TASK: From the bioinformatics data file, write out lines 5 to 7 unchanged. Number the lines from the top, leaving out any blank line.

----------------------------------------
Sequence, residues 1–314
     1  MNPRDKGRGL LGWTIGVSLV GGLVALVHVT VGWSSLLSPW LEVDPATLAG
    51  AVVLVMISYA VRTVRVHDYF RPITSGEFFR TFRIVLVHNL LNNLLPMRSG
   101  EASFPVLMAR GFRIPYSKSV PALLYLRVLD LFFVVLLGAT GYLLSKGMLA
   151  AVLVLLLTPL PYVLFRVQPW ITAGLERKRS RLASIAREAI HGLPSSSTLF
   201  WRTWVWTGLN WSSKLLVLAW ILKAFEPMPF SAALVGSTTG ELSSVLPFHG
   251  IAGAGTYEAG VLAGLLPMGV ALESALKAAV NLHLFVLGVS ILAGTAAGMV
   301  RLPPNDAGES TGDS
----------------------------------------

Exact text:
   151  AVLVLLLTPL PYVLFRVQPW ITAGLERKRS RLASIAREAI HGLPSSSTLF
   201  WRTWVWTGLN WSSKLLVLAW ILKAFEPMPF SAALVGSTTG ELSSVLPFHG
   251  IAGAGTYEAG VLAGLLPMGV ALESALKAAV NLHLFVLGVS ILAGTAAGMV